I've taken hundreds of photos as I've wandered the streets of Valparaíso. As I've browsed through the photos, I've notice recurring themes -- doors, windows, signs, laundry, skies. Below are a few of my favorite photos from each of these categories.
Many businesses close for the afternoon siesta. Though siestas can start anytime after one o'clock and last as late as four o'clock in the afternoon, hours of operation vary drastically during this window of time. Accustomed to the 9-to-5 mentality common in the Unites Stated, the siesta hours sure do complicate shopping. I like the casual hours posted on the door of a jewelry workshop in Valpo. The sign reads: "Hours of Attention: From When I Open to When I Close." This is so Chilean -- in so many ways.
This door is surrounded by an elaborate border of capped columns. I like the contrast of the two columns; one is in decent shape, whereas the other is falling apart.
The simple colors and nature-themed painting on this door are soothing. The two-dimensional greenery in the mural is echoed by the three-dimensional greenery atop the doorway.
I like the big kitty on this doorstep. It makes me curious to know who lives on the other side of the door. I can easily imagine a tough-looking man walking through the door. He sports blue hair, big tattoos, a nose ring, a dirty wifebeater, stoned-washed jeans, and a heavy pair of leather motorcycle boots. In his hand is a delicate, diamond-studded pink carrying case for his prize-winning Siamese.
This is an elegant doorway. It makes me think of the kiss a couple shares at the end of a first date.
I had passed this door many times and had only seen the eyes. It wasn't until I looked at the photo of this door that I noticed the three overlapping faces.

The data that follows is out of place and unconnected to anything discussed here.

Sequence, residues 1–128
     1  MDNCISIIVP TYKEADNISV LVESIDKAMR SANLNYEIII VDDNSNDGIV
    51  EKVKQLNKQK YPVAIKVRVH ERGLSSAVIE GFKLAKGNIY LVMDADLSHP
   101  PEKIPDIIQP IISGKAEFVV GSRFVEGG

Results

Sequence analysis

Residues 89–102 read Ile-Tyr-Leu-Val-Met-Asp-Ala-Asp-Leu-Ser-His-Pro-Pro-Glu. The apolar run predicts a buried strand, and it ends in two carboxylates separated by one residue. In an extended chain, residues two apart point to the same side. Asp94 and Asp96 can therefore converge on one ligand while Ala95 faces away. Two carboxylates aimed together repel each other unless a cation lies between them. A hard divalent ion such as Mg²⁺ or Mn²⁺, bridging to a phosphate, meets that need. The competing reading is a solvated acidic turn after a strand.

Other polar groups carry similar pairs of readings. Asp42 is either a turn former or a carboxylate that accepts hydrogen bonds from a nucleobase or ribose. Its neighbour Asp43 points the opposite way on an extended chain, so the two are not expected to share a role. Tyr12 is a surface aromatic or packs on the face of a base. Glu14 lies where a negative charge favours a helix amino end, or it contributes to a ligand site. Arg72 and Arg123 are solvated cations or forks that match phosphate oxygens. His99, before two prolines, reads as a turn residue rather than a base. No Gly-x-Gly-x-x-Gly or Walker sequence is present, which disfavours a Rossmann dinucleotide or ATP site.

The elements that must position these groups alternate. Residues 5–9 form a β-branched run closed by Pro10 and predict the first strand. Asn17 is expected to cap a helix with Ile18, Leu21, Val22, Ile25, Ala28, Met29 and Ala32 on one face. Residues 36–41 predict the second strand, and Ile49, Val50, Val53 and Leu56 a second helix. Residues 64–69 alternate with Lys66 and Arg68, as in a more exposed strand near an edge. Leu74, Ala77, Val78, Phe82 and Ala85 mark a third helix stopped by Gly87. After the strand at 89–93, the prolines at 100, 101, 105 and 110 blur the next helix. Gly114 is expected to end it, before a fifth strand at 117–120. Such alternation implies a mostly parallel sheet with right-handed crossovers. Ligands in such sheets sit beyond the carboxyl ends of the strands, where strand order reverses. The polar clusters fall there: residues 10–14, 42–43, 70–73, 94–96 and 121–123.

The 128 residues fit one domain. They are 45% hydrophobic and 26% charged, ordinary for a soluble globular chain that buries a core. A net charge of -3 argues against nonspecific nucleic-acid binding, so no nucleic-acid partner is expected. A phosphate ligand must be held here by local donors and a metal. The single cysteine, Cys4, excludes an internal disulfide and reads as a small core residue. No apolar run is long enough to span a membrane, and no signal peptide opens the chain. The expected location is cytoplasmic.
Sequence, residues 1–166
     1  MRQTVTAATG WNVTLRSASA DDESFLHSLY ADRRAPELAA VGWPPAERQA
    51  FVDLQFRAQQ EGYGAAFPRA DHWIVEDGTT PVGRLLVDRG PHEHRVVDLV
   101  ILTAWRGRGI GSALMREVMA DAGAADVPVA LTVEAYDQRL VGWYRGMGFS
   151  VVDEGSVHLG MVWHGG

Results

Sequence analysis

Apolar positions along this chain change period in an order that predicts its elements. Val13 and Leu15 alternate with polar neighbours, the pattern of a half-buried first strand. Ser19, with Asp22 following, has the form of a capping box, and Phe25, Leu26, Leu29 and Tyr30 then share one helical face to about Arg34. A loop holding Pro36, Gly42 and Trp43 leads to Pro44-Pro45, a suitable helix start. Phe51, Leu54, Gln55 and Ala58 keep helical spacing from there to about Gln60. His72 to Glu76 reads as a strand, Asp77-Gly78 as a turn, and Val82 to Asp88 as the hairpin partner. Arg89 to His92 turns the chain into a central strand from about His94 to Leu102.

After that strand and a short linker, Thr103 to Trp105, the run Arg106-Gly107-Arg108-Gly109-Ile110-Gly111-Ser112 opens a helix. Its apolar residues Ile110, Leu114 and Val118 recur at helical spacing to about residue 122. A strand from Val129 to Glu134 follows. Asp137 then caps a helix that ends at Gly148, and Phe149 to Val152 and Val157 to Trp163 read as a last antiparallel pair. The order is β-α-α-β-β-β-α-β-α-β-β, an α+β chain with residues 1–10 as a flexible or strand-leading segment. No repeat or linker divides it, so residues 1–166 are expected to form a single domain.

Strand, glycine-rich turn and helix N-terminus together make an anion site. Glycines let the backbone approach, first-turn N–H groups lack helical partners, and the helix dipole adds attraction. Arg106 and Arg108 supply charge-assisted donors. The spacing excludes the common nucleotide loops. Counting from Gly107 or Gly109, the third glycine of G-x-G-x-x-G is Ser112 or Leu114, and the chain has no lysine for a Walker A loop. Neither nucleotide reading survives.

I can't point my finger on what exactly I like about the photo below. I can say, though, that the door begs me to turn its knob.
The plants pouring out of this open window offer color and life to an otherwise bland wall.
And I like these windowsill planters.
Financial motivation for pleasantries are always appreciated. Prices posted outside a cafe in Cerro Alegre: "An espresso: $1500. An espresso, please: $1200. Good morning, an espresso, please: $900."
This next sign is well written...obviously by one who carries heavy relationship baggage.
The sign below reads: "Prohibited: Playing with balls in this place." When I first read this sign, I let out an audible chuckle as my mind instantly jumped to the gutter.
What a clever way to encourage the proper disposal of cigarette butts! I'm tempted to pick up chain-smoking so that I can turn the scales in favor of The Beatles.
I love images of laundry hanging out on lines to dry. I love how the clothes tell a story -- who lives there, how they dress, what kind of "delicates" they wear, how compulsive the laundry-hanger is in arranging the clothes on the lines.
Plus, I love how the laundry adds color to an otherwise colorless home.
For this house, it's the day to clean socks and undies...
...and for this house, it's shirt-cleaning day.
Oh, and how I love the skies! I love how they set the mood for the day. A blue sky shouts "happy" for this sculpture on Avenida Argentina...
...as well as for this church a few blocks away.
And an ominous sky makes this hilltop mansion seem haunted.
The sky complements the chaotic web of lines that connect the electric poles throughout the town.
An opening in this sky offers a sliver of hope to a statue who stands forever still with his arms open and his palms upturned.
The silhouette of this funky-haired palm tree against the whimsical clouds brings a tone of reggae music to my ears.
Thank you for perusing my favorite photos of doors, windows, signs, laundry, and skies!